Freekeh Sweet Potato Salad

Ingredients - Serves 4

400g - 450g sweet potato, peeled and diced
2 tbsp olive, sunflower, or rapeseed oil
150g greenwheat freekeh
1 small red onion (or half of a bigger one - roughly 50g)
1/2 - 1 red chilli
Juice of 1 lemon
Juice of 2 limes
1/4 + 1/2 tsp sea salt flakes
1/2 tsp cracked black pepper
400g tin black beans, drained (or 100g dried weight, soaked and cooked)
200g mixed tomatoes (or just baby plum)
1 really big handful fresh coriander - about 25g

  • Preheat the oven to 200C.  Peel and dice your sweet potatoes, pop in an oven dish (I like a ceramic one for roasting sweet potatoes), coat with the oil and mix well, and sprinkle over 1/4 tsp of the salt. Pop in the oven and set the timer for 30-40 mins.  You know your oven better than me!  But you'll want the sweet potato to be cooked but still firm-ish so it doesn't turn to mush in your salad.
  • While the potatoes are roasting, cook the freekeh according to the packet instructions or my cook-any-grain method, which is to put a load of water in the pan with a pinch of salt and the weighed grain, and bring it to the boil until it's cooked (about 15 from cold with the freekeh I've found)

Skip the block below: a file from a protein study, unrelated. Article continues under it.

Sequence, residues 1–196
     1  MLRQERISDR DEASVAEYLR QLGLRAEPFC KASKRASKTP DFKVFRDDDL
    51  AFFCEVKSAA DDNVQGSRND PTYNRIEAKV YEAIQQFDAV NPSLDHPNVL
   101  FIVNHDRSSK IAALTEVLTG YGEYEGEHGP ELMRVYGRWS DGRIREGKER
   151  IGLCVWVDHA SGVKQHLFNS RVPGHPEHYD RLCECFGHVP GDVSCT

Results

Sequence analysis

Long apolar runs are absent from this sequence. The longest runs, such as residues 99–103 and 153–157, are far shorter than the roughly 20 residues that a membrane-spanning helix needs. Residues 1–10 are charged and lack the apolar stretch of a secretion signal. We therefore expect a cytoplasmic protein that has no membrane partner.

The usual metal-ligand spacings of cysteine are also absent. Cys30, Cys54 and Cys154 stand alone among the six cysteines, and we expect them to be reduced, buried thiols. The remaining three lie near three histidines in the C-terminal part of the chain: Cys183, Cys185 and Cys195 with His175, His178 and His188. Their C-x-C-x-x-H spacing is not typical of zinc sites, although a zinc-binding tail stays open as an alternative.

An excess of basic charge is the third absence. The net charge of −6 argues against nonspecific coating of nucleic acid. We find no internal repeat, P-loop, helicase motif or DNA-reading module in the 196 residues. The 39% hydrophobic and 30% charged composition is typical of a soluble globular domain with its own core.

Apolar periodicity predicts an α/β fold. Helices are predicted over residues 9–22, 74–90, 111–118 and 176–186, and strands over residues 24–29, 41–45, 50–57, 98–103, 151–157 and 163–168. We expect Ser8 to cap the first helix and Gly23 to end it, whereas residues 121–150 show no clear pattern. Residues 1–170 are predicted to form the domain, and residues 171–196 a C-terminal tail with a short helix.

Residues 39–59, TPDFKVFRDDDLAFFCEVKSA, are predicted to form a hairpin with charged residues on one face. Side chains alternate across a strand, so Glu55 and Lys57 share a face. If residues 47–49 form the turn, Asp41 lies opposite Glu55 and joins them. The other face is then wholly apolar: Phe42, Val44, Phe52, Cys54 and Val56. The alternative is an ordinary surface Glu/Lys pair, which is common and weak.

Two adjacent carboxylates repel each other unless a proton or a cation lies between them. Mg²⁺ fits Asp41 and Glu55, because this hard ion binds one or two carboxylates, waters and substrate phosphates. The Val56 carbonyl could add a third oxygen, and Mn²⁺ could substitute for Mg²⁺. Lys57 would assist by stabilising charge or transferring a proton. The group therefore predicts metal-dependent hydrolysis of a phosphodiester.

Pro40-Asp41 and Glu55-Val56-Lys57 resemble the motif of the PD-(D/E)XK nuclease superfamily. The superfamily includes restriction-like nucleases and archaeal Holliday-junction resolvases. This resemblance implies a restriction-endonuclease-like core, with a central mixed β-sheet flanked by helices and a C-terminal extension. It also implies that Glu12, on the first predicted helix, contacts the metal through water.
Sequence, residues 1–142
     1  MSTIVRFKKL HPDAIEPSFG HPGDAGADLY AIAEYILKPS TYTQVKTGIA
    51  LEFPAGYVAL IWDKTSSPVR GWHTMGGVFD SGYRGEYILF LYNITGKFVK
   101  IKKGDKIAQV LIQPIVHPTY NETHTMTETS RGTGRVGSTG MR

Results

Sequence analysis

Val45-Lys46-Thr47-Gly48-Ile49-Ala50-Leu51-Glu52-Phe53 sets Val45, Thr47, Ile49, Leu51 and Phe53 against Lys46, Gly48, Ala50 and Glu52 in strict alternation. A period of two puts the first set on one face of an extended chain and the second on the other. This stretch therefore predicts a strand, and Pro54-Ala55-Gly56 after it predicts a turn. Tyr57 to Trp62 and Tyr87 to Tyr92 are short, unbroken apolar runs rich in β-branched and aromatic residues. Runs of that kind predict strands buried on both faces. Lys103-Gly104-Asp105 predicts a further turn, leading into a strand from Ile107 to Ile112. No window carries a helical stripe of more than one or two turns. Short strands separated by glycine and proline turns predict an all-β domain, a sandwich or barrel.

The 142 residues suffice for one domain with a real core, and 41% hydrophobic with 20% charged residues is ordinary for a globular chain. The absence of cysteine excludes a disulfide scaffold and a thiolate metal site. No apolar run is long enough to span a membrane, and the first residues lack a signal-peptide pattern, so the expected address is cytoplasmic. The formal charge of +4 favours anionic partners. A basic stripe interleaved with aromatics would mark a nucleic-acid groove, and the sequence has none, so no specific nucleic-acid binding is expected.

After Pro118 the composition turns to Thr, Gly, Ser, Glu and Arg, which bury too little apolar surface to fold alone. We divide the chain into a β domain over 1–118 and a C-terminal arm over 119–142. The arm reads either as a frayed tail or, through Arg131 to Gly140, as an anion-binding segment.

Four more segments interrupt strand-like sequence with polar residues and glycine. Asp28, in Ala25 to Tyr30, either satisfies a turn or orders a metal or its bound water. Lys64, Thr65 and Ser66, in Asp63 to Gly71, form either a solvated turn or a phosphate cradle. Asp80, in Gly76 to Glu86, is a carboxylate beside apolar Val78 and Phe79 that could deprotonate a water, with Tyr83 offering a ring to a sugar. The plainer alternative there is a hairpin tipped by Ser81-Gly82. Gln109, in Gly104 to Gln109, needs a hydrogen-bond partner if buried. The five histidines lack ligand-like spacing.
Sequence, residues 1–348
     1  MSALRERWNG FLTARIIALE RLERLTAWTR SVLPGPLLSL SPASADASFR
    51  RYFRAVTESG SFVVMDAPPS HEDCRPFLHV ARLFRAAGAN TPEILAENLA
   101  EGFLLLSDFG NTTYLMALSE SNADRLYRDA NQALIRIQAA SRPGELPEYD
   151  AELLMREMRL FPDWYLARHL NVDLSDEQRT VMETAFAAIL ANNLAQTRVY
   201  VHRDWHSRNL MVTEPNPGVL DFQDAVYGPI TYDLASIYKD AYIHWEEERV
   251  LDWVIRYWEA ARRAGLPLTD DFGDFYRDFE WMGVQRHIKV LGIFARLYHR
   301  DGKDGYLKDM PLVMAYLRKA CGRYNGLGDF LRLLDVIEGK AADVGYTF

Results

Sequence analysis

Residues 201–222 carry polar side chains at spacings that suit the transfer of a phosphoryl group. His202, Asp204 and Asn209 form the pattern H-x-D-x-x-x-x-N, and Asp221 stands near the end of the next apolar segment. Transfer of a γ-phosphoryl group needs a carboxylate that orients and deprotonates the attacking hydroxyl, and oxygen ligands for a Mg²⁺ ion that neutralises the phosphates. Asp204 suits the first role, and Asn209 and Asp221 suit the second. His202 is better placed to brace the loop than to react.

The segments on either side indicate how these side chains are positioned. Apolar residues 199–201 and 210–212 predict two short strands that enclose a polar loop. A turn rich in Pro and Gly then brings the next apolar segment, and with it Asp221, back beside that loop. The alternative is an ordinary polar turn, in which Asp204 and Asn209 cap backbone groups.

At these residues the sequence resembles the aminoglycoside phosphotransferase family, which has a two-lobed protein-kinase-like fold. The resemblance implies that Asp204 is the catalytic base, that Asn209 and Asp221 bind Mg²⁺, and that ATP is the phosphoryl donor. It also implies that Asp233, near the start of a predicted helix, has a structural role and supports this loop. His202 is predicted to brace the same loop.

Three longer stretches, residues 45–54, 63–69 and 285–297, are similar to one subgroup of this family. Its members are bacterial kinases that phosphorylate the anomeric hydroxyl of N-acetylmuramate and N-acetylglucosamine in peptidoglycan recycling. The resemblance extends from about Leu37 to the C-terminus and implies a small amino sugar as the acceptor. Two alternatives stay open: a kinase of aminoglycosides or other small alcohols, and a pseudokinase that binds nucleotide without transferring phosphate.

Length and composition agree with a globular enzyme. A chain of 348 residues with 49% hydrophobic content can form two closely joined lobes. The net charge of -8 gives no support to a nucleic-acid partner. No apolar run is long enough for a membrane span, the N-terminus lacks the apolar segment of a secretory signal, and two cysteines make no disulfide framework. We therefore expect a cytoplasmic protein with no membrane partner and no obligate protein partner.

• While that's bubbling away, get a large bowl ready.  Chop the red onion and the chilli really, really small.  For the chilli, I used half a large red one, and I deseeded it.  It's up to you how much chilli you want - I just like a small kick.
  • Add the lemon and lime juices, the remaining 1/2 tsp salt, and the pepper to the onion and chilli mixture.  Stir well and leave for ten minutes.  Then add the black beans and stir very well to coat.
  • By now your freekeh should be done so go drain it over the sink and give it a really good rinse through with cold water to cool it down.
  • Chop the tomatoes into bite size pieces, i.e. halve or quarter baby plum tomatoes. Add to the black bean mixture and mix well.  Chuck the freekeh in too if it's cooled down.
  • Finally, chop your coriander (I like mine only roughly chopped, maybe I'm just lazy!) and mix it in.  Divide into 4 containers or bowls and dig in or look forward to your fabulous lunches!